The Taiwan Bureau of Energy announced last week the winners of its second offshore wind auction, awarding 1,664 megawatts in offshore wind capacity to Danish wind energy developer Ørsted and Canadian independent power producer Northland Power.
Taiwan’s offshore wind energy sector has been ramping up at an incredible rate over the last 6 to 18 months, culminating most recently in May with the announcement of 3.8 gigawatts (GW) awarded to seven companies for 10 offshore wind farms. However, at the time it was known that the Taiwanese Government would be awarding a further 2 GW in June.
Taiwan’s Bureau of Energy and Ministry of Economic Affairs announced the results from its second offshore wind auction last Friday, in which it awarded 1,664 MW (down on the 2 GW predicted) to two developers for four separate offshore wind farms.
Danish power company and offshore wind energy developer Ørsted was awarded 920 MW worth of capacity for its development in the Changhua region, in addition to the 900 MW which was awarded to the company earlier this year. The awarded capacity will require the relevant permits and commit to a final investment decision, but if the company moves forward its new capacity would be built and operational in 2025. Specifically, according to the Bureau of Energy, Ørsted was awarded 337.1 MW for one project, and 582.9 MW for the second.
Importantly, Ørsted’s winning bids came in at an average TW$2,548 (US$84.1/€72.2) per MW-hour (MWh).
“Following a highly competitive auction process, we’re very pleased with adding further value-creating capacity in Changhua,” said Martin Neubert, Executive Vice President and CEO of Ørsted Wind Power. “Today’s results are promising for Taiwan’s transition to renewable energy. The outcome of the auction proves once again that when governments commit to ambitious buildout targets and create stable, transparent and good framework conditions, the offshore wind industry will deliver.”
“Ørsted has come to Taiwan and set up its Asia-Pacific hub here,” added Matthias Bausenwein, General Manager for Ørsted in Asia-Pacific. “We are very happy to see the offshore wind industry in Taiwan mature and to be able to significantly contribute to this development. With the additional projects in 2025, we have a solid pipeline on which we will further strengthen our local presence.”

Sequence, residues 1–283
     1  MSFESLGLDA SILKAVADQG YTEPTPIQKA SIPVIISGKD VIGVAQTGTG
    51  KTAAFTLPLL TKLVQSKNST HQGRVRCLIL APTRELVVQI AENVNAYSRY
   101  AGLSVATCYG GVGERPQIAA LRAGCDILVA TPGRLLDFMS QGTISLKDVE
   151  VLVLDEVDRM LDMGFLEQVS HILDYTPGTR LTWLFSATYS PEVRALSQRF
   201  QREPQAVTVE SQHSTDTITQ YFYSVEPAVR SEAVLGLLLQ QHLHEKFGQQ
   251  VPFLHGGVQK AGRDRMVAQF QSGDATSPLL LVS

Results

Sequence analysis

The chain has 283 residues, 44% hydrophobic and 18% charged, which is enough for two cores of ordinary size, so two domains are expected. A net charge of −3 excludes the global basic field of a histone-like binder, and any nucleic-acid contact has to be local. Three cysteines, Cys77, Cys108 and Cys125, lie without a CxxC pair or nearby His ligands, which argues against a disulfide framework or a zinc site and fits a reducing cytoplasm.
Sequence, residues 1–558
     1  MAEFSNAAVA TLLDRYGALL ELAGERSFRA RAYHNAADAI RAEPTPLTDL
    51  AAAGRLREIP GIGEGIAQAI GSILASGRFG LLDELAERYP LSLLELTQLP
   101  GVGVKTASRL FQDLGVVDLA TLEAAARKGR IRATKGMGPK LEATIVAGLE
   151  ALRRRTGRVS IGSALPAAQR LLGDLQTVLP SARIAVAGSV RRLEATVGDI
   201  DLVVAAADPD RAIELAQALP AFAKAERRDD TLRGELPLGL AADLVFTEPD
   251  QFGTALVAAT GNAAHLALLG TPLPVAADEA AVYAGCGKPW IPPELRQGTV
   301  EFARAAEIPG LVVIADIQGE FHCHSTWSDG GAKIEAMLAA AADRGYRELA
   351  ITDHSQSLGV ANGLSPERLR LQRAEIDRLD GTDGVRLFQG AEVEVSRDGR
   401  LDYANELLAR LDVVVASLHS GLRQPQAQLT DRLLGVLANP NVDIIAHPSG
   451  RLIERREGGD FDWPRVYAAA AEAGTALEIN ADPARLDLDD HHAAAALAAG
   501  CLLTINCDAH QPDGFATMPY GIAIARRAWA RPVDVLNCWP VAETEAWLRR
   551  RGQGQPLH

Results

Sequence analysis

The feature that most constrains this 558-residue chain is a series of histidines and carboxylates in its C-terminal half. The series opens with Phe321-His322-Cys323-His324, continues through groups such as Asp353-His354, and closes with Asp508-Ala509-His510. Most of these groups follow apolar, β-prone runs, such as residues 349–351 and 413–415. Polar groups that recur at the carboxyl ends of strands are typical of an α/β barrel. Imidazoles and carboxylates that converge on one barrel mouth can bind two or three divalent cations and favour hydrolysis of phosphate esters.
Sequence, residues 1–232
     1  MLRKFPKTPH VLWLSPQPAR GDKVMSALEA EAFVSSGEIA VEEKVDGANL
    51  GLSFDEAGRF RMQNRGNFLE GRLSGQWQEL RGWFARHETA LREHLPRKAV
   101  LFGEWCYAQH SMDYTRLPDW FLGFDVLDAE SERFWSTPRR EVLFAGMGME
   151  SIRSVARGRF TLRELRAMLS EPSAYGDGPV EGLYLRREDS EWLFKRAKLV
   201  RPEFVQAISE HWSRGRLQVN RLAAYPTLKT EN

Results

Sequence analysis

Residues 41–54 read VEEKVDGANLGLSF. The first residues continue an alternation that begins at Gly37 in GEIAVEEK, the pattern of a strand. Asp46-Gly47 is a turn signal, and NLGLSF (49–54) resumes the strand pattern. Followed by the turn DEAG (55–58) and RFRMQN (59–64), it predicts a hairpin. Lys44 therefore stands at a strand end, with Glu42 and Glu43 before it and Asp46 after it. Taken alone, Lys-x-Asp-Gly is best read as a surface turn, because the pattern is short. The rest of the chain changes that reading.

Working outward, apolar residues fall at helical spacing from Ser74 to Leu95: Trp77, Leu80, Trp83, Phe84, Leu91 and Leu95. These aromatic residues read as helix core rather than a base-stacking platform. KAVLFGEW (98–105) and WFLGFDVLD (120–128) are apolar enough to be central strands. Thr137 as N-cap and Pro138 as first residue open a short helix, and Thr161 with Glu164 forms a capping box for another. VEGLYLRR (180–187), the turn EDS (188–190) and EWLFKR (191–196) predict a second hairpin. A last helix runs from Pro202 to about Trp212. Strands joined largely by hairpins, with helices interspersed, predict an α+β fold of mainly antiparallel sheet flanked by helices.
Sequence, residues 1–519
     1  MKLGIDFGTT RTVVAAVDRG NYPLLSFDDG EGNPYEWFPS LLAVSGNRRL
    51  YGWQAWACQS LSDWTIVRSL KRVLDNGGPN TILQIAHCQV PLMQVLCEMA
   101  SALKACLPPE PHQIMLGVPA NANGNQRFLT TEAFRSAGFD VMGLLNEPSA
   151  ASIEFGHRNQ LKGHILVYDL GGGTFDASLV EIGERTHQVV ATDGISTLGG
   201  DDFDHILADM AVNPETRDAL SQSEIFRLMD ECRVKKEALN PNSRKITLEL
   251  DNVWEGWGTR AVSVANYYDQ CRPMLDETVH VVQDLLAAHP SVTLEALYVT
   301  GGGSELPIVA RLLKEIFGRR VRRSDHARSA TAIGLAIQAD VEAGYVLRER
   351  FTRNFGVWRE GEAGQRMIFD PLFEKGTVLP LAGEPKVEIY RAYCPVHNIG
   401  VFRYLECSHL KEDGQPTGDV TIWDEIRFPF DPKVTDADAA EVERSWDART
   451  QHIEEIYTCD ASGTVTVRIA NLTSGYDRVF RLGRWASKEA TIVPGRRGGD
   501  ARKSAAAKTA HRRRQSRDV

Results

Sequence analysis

The rest of the capacity was awarded to Canadian independent power producer and operator Northland Power, which received a total of 744 MW over two wind farms, the 232 MW Hai Long 2 offshore wind farm and the 512 MW Hai Long 3 offshore wind farm. The two projects were won at a price of TW$2,224 (US$73.1/€62.6) and TW$2,502 (US$82.3/€70.41). Northland Power also won 300 MW for its Hai Long 2 project earlier this year, bringing that project up to 532 MW and both projects will be built and completed in 2025. Both projects have already received environmental permits and development work is already ongoing.
“Today’s announcement represents another significant milestone for Northland,” said John Brace, CEO of Northland. “This additional capacity will enhance our ability to generate efficiencies in the delivery of world-class offshore wind projects that will build up the local supply chain, supporting the achievement of Taiwan’s ambitious green energy targets from multiple aspects.”
Now that Taiwan has awarded 5.4 GW worth of offshore wind power, it is also now time to drop the “burgeoning market” tag, and begin to consider Taiwan as not only an established market but as one soon set to be a dominant player. A year ago, Taiwan wasn’t even in the top 10 of countries with a significant pipeline of offshore wind projects. Now, it ranks third, according to new figures published last week by RenewableUK. This is an idea that has also been echoed by wind energy analysts.
“With bids between $73.2 and $83.9/MWh, the auction set a powerful new benchmark for offshore wind in Asia and showed that new markets can emulate the European experience if they commit to scale,” said David Hostert, head of wind research at Bloomberg New Energy Finance (BNEF). “The auction proves our point about two price curves existing in the market; one for new and one for established markets. As we had predicted, the drop from the higher cost new market curve to the lower cost established market curve occurred around the 3-4GW mark, just when Taiwan had allocated 3.8 GW in capacity. Taiwan now counts as an established market.”
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